Vy and I went down to San Diego to ring in New Year’s last weekend, and one of my highlights was a quick visit to the San Diego Automotive Museum. Based on the name I wasn’t expecting to see many motorcycles, but I ended up being pleasantly surprised. Come check out my favorites!
If you’re not familiar with the Alligator, it was the brainchild of Dan Gurney (and eventually integrated into his company, All American Racers) and one of the most interesting recent ideas in motorcycle design. As a tall guy, Dan felt that the normal riding position was too high and tight – he decided to do something about it and create a bike that one sat in, rather than on.
This is a 1970 CZ 250 “Side Piper” that Paul Newman rode in Sometimes a Great Nation – Paul got in trouble because he took it for a joyride one morning before filming that ended up with him breaking his foot and pausing production for two months.
The last Star Bike I want to share is Evel Knievel’s Stratocycle – I’ve featured this on Bike-urious a few times in the past when it’s been up for sale, so it was very interesting to see it in person.
Meet the Indian 841. I say this was a “semi-competitor” because it didn’t directly compete with the WLA. During World War II, the US Government asked HD to build a motorcycle similar to what BMW was making for the Germans – with shaft drive, boxer engine, and other features that made the bikes low maintenance. Their creation was the XA, which stood for “eXperimental Army.” Indian’s version was the 841, though they didn’t copy BMW’s R71 as much as Harley did. The main differences were Indian’s longitudinal-crankshaft V-twin engine as well as a girder fork. The compression ratio was just 5.1:1 so that it could be run on low quality fuel.
In addition to the themed exhibits, the museum had a dedicated motorcycle section that spanned all sorts of ages and styles. Here are some of the notable ones, in my mind:
1948 AJS 7R Boy Racer – this was a production racer designed by Phil Walker. 1948 was the first year of production – by ’54 the engine was putting out 40 horsepower at 7,800 rpm and won the Isle of Man TT. It weighed 285 pounds and was capable of hitting nearly 120 miles per hour.
1935 Rudge Ulster – this example is said to be completely original with just two owners. The current owner acquired it from the original owner (duh) in 1968. The model got its name due to racing success at the Ulster Grand Prix.
2016 Kawasaki H2 Drag Bike – this was built by champion drag racer Rickey Gadson and it features a Adams swing arm (11″ longer than stock), JR shocks, and BST carbon fiber wheels.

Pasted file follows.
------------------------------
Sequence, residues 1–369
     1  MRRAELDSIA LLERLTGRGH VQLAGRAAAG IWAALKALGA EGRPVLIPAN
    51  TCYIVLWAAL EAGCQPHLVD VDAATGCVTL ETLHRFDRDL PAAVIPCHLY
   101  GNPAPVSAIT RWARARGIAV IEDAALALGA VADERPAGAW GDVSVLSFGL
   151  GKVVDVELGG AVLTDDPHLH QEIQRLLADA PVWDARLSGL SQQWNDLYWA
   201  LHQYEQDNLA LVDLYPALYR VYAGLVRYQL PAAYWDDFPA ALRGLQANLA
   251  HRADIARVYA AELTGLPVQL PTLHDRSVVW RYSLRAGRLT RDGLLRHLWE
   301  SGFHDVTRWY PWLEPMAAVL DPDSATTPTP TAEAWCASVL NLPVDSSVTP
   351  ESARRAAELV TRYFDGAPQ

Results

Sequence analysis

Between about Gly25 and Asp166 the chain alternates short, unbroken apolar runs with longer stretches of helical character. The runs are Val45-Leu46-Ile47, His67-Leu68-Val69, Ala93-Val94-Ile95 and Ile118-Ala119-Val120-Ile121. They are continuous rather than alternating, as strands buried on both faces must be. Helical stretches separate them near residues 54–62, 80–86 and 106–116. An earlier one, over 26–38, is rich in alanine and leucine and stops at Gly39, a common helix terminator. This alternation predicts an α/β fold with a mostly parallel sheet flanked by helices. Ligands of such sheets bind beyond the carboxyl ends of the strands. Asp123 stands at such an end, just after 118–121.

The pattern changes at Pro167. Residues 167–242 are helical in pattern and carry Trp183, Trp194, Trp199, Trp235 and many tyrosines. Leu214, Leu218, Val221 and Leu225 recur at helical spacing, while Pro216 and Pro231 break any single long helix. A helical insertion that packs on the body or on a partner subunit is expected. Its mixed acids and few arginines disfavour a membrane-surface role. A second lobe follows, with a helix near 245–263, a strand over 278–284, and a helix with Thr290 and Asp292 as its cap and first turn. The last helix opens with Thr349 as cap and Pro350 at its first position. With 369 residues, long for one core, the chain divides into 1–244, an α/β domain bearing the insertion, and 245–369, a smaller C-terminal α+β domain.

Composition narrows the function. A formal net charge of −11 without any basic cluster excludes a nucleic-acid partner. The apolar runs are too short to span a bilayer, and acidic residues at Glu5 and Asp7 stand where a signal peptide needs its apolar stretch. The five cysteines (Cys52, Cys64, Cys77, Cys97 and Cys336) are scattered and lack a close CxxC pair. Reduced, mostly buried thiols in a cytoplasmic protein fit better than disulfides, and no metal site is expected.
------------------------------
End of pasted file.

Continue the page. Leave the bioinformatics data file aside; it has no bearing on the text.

While I normally don’t pay too much attention to cars, there was one that I found absolutely fascinating: Louie Mattar’s “Fabulous $75,000 Cadillac.” You have to go to the museum’s website for more info, but the short story is that Louie bought this ’47 Cadillac with the intent of setting a cross country record. With the help of two friends, he set said record in 1952 by driving from San Diego to New York and back (6,320 miles) WITHOUT STOPPING.
The car also contained “all the comforts of home” in a limited space – there’s an electric stove, fridge, washing machine, toilet, ironing board, medicine cabinet, and even the cliché – a kitchen sink.
What’s most impressive to me is the engineering implemented to ensure that the car could complete the trip without stopping. During the 7-day run, refueling stops were completed by a moving gas truck (there was an automatic catwalk to assist in the refueling process) at airfields in Kansas City, MO., Camden, NJ., and Omaha, NE. The axles were drilled in a way that they could inflate the tires while turning, the engine bearings, tires, brakes, and transmission were automatically cooled, the cockpit had access to coils, condensers, generators, and four fuel pumps, there was a nation-wide mobile telephone, and hydraulic jacks allowed for the tires to be changed while the car was moving.
The sign about this car says that “it took Louise Mattar 7 years and $75,000 to make his dream a reality. But this car was worth far more to Louie. he said, “if I sold hat car and ha dll the money in the bank, i wouldn’t meet the important people I do. That’s worth all the money in the world.” For context, Louie put $75k into this Cadillac at a time when the MSRP was $2,523.
Thus concludes my abbreviated tour – there’s a few more photos of different bikes in this album if you’re truly hankering for more, otherwise I suggest you find yourself an excuse to visit San Diego and then stop by this museum!